Writing (2nd edition)Author: Tricia Hedge Publisher: Oxford University Press (Resource Books for Teachers series) Summary: A highly recommended resource book for the teachers’ bookshelf. Review: Writing is probably one of the best writing resource books available. Every English teacher who teaches writing, or wants to teach more writing, will find something of interest in this book. After […]
Author: Tricia Hedge
Publisher: Oxford University Press (Resource Books for Teachers series)
Summary: A highly recommended resource book for the teachers’ bookshelf.
Writing is probably one of the best writing resource books available. Every English teacher who teaches writing, or wants to teach more writing, will find something of interest in this book.
After all, it has 100 teaching ideas which can be picked out, copied and used in class – no messing around. The ideas are also highly adaptable and can be fitted to any course in which this skill is taught. Each teaching idea has a full lesson plan with level, time, aims and best of all, quality photocopiable materials which seem to have been updated considerably for this 2nd edition.
The book is divided into four sections: Communicating, Composing, Crafting and Improving. Each section has over 20 ideas and covers a wide range of skills which encourage students to communicate, come up with ideas for writing, develop writing skills such as creating cohesive and organised texts, and make texts better through editing and reviewing.
These ideas may not all be new- some have been around forever (take ‘brainstorming’, for example), while others are much more fashionable (see ‘peer editing’ and ‘conferencing’). There are inspiring ideas but which may not be really practical (e.g. ‘audio-taped feedback’), yet the activities are stimulating and in nine-and-a-half-out-of-ten cases are practical, interesting and theoretically sound.
In addition, there are ideas for longer, project type activities such as ‘writing a class magazine’, ‘reading journals’, and ‘mini-projects’. These are perfect for teachers who have just been given a general English writing class, and want some ongoing activity to bring a sense of continuity to the programme.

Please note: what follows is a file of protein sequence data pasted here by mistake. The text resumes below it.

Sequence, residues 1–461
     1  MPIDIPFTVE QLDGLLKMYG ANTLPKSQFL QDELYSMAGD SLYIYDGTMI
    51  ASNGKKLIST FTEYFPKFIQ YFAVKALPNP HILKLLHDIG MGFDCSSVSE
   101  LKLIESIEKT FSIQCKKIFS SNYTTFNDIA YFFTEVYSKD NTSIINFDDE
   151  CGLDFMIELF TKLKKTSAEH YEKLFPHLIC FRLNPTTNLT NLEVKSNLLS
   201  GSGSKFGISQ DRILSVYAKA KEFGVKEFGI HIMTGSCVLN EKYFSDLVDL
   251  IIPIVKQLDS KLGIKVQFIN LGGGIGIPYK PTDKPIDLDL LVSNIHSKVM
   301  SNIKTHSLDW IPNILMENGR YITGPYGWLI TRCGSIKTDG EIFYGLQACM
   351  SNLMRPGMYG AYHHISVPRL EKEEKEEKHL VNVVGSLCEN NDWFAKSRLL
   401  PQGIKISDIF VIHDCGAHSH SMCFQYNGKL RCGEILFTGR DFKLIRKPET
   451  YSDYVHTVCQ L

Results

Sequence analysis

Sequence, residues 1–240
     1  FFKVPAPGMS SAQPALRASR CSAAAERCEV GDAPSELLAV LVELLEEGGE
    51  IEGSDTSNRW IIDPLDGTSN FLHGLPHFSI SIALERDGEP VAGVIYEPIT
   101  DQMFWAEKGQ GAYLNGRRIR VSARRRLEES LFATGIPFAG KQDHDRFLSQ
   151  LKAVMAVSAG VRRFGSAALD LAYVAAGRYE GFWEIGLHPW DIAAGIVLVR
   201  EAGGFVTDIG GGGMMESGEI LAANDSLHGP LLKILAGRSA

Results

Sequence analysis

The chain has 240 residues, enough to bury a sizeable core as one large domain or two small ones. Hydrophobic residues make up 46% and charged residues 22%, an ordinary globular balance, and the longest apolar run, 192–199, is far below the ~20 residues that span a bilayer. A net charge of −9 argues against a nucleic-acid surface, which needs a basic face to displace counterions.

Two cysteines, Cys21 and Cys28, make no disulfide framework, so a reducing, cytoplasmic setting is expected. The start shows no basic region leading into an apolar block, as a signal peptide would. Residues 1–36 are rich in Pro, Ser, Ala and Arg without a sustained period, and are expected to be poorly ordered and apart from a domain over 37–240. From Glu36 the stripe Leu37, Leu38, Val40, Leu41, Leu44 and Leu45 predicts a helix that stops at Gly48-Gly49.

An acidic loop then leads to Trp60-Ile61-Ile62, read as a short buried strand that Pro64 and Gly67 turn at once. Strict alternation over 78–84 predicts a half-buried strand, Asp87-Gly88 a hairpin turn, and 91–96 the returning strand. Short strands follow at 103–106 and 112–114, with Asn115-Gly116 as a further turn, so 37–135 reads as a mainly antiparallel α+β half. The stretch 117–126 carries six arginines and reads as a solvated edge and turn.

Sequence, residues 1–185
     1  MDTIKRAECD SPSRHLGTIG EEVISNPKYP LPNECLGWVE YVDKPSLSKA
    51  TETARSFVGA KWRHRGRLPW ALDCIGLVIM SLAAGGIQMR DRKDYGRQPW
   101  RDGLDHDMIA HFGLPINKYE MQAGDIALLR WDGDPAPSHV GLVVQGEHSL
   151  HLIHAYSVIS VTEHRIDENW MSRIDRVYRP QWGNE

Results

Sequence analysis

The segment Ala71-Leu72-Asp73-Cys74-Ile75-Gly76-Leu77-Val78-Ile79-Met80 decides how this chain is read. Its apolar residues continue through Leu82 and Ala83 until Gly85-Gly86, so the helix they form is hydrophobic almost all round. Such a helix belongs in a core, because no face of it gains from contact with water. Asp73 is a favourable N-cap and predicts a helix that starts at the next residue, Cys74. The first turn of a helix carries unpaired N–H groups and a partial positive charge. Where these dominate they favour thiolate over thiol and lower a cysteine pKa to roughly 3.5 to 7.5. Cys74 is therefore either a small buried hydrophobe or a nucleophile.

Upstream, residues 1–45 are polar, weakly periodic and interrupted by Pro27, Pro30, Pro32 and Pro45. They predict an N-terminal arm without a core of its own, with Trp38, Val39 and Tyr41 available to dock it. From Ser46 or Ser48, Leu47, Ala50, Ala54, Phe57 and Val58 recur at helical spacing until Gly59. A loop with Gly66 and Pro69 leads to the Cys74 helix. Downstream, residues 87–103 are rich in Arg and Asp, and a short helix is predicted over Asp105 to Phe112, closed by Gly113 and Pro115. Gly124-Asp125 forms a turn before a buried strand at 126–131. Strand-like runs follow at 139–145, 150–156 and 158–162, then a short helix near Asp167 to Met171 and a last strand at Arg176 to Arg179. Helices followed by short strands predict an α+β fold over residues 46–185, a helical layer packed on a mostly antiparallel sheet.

For teachers on Diploma courses, this book is a winner. I found it very useful when doing an assignment on writing for my DELTA. Not only are the ideas helpful for creating lesson plans, but the introductory part of each section is packed full of ‘practical theory’, not too heavy and perfect for practical teaching courses. These sections also seem to have been revised to be fuller and more helpful sections than the first edition.
For teachers doing EAP or university courses, these activities may be somewhat less applicable in a direct ‘cut-and-paste’ sense, yet they do still give that what every teacher needs from time-to-time: new ideas. This also goes for teachers on MA courses- Writing won’t provide all the necessary theory required, but the ideas are practical extensions which can be applied to syllabus design and course development papers.
Finally, Writing comes from a highly respected author, Tricia Hedge, who has written a number of other accessible and thoroughly researched texts (of particular note is Teaching and Learning in the Language Classroom). The series, Resource Books for Teachers, also has great texts on other areas of language teaching, which are similarly useful for teachers in the classroom and on diploma courses.